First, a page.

Friday, February 29, 2008

Take the High Road: Paris

Recently, I have run into a couple of references to a project in Paris that seems the predecessor of The High Line project in New York City. 'La Coulee Verte' (aka The Flowing Green) is a partially elevated railroad route through that was abandonded in 1969, and given to the City of Paris. Also called the Promenade Plantee, and The Bastille Viaduct, the project was designed by architect Philippe Mathieux and the landscape architect Jacques Vergely, how worked collaboratively on the realization of the project, which was completed in 1995.


:: La Coulee Verte - image via Eco Partners

The similarities to the High Line are significant and an interesting precedent to elevated landscape projects. Using these abandoned remnants makes sense for a number of reasons. First, the space are typically underutilized, and often blighted. These spaces are also typically visible from adjacent buildings, which makes greening a visual imperative as well. The linear corridors, often with minimal disruptions from cross traffic, allow for linear greenspaces, as well as providing activation at the ground levels, providing some potential catalytic development.


:: The High Line - image via Architect's Newspaper

There is obviously more current information on the High Line, and I have yet to really dig deep into the competition, design, and subsequent installations, which I will investigate in a later post. For now, I am looking at The Promenade Plantee as a vital precedent to vegetated architecture. The integration of space, along with the implementation of park like features similar to rooftop gardens, with planters, structures, and water features. This is due in part to the significant structure predicated on the previous use, as well as the width, allowing for pathways as well as adjacent nodes and public spaces.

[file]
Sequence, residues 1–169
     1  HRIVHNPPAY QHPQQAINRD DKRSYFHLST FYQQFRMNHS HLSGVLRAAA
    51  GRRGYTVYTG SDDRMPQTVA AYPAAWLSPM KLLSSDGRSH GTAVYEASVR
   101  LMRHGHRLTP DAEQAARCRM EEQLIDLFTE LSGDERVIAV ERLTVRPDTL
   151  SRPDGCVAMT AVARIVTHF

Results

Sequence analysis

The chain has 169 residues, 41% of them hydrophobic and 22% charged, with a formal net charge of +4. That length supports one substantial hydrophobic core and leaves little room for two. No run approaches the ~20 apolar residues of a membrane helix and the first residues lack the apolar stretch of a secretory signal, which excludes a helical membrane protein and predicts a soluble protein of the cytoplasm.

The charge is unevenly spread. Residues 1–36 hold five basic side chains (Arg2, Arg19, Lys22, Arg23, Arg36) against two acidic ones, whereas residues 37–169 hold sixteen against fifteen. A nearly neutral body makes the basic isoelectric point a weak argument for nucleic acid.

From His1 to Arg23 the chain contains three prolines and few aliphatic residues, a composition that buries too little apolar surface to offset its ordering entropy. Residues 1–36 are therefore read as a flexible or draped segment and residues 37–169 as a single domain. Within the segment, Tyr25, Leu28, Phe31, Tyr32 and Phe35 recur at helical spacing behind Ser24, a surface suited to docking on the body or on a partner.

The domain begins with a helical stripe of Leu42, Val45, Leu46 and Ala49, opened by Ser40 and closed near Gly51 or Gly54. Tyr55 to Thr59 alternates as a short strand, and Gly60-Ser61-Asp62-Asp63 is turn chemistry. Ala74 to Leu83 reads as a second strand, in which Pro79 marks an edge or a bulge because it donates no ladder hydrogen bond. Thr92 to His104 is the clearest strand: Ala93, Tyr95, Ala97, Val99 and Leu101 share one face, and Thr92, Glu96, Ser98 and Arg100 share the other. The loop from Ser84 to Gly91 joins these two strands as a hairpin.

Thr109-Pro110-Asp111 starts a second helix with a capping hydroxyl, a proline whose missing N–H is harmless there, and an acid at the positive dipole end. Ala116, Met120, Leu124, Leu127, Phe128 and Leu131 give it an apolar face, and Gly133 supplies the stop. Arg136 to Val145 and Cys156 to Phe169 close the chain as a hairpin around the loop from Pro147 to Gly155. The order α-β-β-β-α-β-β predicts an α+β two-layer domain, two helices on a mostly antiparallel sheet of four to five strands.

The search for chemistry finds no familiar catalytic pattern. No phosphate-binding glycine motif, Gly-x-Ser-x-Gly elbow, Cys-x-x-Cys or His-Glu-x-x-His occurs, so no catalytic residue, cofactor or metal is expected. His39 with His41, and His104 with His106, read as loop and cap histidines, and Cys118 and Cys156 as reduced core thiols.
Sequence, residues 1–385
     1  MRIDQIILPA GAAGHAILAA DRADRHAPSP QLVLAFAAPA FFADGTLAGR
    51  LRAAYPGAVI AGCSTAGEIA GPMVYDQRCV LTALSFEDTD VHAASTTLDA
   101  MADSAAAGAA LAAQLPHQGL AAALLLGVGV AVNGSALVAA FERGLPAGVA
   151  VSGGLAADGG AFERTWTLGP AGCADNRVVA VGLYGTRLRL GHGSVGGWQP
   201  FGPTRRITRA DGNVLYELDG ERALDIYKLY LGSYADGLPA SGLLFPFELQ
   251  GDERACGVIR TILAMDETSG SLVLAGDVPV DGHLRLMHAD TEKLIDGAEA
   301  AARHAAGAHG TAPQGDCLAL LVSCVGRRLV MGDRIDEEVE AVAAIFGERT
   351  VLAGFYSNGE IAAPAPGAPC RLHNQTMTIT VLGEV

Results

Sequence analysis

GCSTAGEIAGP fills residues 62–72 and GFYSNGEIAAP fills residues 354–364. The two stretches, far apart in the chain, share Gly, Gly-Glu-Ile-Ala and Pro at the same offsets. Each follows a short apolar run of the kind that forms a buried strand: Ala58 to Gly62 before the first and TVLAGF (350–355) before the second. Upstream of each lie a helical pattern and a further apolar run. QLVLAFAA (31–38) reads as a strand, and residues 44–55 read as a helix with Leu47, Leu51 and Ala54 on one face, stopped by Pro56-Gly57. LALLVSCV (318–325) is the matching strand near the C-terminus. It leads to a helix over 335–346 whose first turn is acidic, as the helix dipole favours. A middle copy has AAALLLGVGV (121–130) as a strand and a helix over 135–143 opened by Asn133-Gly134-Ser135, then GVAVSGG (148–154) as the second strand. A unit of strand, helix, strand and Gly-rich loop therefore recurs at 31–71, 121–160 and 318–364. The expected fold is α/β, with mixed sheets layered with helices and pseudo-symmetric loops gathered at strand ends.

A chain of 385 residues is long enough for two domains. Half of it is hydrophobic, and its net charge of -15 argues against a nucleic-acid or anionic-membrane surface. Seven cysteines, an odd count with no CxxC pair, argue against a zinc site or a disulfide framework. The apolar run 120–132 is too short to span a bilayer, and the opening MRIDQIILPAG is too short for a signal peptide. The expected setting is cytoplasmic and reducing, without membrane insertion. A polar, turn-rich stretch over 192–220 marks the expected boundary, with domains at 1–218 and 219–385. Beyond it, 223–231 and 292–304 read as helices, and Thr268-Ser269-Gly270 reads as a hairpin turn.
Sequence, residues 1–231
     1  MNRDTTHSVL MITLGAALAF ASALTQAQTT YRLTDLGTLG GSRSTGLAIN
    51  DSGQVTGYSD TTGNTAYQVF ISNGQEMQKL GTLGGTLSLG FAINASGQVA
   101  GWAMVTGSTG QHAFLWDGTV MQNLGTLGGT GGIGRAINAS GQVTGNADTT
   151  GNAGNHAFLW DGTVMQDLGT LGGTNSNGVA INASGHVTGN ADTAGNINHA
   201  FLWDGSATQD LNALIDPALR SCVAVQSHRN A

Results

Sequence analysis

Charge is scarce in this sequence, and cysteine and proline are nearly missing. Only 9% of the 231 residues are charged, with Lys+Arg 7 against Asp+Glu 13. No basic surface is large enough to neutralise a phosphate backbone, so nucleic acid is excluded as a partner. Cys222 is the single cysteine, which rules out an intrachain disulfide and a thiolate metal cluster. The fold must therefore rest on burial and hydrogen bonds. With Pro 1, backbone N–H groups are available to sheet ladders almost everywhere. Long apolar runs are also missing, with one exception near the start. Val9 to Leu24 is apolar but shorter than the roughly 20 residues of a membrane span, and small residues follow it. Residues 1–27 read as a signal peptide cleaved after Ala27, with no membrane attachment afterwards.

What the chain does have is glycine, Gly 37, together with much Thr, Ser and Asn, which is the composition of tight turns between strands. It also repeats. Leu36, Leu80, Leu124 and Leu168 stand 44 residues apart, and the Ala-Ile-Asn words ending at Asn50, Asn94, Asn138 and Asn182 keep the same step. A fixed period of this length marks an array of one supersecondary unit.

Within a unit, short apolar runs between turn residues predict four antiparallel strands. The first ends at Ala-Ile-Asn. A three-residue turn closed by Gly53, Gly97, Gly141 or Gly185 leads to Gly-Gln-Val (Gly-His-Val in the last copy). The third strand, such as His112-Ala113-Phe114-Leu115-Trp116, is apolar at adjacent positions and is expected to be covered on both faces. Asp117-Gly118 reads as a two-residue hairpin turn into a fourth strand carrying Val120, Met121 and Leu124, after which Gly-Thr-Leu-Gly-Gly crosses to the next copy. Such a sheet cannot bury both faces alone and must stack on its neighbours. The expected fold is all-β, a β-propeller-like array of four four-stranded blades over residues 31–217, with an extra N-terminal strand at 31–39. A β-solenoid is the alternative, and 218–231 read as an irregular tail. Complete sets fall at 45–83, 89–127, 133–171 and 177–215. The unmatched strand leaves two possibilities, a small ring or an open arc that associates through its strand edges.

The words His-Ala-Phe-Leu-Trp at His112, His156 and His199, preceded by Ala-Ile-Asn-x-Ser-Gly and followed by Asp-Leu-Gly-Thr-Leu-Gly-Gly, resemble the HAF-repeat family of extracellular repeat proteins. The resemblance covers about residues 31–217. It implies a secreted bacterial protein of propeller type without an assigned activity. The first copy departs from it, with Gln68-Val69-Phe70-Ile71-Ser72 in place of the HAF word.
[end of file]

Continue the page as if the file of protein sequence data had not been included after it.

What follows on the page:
A number of these elements appear in photos of The Promenade Plantee, covered in a selected number US and French sites, including the unofficial site with numerous photos. The 2.5 mile elevated corridor is punctuated with spaces to relax and pause, while connecting to various parts of Paris, from the Bastille Opera House to the Bois de Vincennes.


:: La Coulee Verte - image via Webshots - gerard_de_f




:: images via Friends of the High Line

The linear corridor is only part of the system, with exciting interactions of spaces happening either below, or at significant crossings. A major park crossing occurs at Jardin de Reuilly, with a bisecting elevated walkway:


:: images via Friends of the High Line




:: images via ARDDS

An example of the activation of adjacent districts is the Viaduc des Artes. A restored viaduct that features arts and crafts studios as well as an assortment of cafes and restaurants that has become a community gathering space. It must have a coffee shop or two, as it even makes the cut as one of PPS Great Public Spaces.


:: Viaduc des Artes - image via ARDDS

The influence the Promenade Plantee has on The High Line is significant, and it will be interesting to see the similarities and differences. Obviously there are stylistic differences, but as a whole are the two projects getting at the same goals - revitalization, activation and redevelopment to provide energy to adjacent neighborhoods while offering a linear green corridor. The project(s) have also spawned some significant projects like the Beltline in Atlanta, the Reading Viaduct in Philadelphia, and the Bloomingdale Trail in Chicago.

This trend definitely takes rails-to-trails to a definite new level...

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